The former HSBC banker who lost his £5m tribunal case, claiming he was fired for being gay, has been granted leave to appeal.
In May a tribunal found that HSBC had discriminated against Peter Lewis but he was not dismissed because he was homosexual.
Lewis, former head of HSBC’s global equity trading business, was sacked for gross personal misconduct in February 2005 after an alleged sexual harassment incident at the bank’s gym, which he denies.
At the time of the original tribunal Lewis said his sexuality had provoked a “considerable amount of interest and comment” in the City, claiming some workers felt it was “inappropriate that someone occupying such a senior position should be gay”.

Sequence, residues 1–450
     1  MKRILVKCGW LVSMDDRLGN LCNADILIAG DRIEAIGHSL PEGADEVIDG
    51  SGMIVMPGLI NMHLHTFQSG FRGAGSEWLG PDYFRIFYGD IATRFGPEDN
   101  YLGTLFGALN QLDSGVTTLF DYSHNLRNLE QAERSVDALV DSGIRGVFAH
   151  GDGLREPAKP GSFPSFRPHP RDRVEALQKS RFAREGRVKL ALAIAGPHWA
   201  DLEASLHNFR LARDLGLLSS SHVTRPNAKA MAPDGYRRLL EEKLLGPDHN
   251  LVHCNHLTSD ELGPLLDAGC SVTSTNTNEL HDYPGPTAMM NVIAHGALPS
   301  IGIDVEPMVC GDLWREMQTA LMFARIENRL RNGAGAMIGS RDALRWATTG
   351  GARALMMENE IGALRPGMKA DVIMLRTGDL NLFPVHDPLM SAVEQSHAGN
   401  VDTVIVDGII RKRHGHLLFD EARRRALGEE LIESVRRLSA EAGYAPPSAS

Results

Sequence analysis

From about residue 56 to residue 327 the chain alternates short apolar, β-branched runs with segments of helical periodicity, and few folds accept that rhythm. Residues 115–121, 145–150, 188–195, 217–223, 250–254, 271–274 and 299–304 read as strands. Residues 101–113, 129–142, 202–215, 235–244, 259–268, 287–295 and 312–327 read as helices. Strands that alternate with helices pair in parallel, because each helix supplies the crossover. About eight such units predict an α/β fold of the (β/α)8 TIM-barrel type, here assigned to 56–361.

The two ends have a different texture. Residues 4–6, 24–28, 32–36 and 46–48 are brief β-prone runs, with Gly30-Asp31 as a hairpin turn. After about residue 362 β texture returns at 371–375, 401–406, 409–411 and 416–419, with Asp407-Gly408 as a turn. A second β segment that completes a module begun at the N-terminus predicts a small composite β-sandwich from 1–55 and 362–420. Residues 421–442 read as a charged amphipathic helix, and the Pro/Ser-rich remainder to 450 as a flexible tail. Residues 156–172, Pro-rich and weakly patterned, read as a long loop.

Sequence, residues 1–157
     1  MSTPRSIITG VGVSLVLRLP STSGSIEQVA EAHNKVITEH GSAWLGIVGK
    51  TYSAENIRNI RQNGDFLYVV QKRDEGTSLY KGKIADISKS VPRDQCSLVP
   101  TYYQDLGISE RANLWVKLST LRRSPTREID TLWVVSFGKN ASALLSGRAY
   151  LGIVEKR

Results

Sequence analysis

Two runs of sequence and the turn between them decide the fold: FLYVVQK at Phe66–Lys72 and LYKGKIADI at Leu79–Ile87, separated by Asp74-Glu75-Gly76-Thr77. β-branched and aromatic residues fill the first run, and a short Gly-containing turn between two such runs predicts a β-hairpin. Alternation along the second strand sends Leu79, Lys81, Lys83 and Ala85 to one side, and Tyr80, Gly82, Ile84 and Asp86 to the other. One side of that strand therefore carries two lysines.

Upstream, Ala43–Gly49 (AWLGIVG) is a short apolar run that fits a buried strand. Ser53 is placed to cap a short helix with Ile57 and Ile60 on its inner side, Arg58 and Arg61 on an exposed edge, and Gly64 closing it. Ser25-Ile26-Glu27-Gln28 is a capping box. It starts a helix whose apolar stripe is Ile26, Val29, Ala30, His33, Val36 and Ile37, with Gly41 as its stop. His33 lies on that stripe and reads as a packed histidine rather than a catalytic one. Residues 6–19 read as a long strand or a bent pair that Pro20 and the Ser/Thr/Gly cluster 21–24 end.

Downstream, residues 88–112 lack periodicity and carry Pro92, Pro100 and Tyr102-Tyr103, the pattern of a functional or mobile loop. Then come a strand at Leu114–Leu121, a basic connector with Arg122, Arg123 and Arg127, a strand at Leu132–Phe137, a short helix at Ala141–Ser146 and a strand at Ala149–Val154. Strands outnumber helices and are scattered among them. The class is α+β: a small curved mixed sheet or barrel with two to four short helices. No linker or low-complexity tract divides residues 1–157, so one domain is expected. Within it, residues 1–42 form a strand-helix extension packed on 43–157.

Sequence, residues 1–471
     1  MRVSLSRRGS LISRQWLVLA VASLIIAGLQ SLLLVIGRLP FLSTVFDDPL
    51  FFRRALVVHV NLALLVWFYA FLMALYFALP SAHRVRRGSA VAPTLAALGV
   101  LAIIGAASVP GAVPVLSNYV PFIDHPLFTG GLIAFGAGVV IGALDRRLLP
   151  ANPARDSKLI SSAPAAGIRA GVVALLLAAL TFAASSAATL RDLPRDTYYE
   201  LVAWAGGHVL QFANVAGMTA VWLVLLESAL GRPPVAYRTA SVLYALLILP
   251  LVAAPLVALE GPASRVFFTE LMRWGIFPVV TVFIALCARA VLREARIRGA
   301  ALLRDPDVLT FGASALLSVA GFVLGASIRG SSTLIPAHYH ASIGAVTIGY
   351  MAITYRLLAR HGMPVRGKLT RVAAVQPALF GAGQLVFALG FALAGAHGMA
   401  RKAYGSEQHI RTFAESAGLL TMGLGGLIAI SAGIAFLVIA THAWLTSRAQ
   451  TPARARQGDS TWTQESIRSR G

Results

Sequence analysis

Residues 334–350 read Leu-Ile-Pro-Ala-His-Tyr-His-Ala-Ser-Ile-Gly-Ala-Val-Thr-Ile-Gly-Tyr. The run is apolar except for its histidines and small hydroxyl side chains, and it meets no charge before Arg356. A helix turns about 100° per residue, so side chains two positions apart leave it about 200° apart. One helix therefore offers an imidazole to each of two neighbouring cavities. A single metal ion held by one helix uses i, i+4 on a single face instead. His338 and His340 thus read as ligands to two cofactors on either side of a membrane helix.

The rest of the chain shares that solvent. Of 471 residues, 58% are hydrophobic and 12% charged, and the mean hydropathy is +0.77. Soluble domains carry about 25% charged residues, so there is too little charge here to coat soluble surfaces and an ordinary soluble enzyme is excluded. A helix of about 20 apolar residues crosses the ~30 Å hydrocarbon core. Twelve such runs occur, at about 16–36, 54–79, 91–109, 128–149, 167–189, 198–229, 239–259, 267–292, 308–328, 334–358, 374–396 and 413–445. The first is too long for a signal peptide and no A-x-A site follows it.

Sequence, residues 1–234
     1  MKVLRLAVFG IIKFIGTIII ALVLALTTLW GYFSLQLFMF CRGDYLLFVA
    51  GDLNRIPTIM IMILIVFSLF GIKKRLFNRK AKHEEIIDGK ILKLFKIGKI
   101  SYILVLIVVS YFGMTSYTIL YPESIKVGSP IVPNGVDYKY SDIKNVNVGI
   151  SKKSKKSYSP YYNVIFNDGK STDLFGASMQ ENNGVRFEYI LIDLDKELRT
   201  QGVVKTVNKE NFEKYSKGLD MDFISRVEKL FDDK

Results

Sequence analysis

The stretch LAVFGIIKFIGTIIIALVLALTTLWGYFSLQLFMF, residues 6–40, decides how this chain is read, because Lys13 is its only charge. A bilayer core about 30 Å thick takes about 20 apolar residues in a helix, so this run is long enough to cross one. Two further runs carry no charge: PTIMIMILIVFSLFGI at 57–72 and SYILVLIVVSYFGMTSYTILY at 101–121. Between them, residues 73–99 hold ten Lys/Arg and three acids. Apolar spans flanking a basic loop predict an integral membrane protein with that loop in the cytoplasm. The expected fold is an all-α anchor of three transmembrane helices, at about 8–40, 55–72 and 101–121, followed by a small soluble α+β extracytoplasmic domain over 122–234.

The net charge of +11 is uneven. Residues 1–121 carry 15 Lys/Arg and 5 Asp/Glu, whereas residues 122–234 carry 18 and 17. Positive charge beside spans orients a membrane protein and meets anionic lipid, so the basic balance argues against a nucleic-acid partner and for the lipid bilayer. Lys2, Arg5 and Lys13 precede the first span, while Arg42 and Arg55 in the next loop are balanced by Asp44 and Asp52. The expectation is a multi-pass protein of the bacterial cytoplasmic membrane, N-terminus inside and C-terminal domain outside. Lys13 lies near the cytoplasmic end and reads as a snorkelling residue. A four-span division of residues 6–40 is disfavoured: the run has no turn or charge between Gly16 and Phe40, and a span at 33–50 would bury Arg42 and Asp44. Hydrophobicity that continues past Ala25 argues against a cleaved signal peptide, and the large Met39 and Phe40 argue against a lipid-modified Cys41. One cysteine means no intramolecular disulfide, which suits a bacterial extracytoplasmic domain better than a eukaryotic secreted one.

“Others would make homophobic comments either directly to me or, more usually, behind my back to my manager or colleagues,” he said. “The situation has improved but discrimination and homophobia in the financial services industry has not been eliminated.”
Lewis told the original tribunal that he had made a recording of his disciplinary appeal hearing because he said he thought he was “being stitched up” and had “lost all trust and confidence in the appeal process”.
HSBC’s human resources manager, Natalie Hattrell, said the bank had followed “entirely correct procedures” when it dismissed Lewis.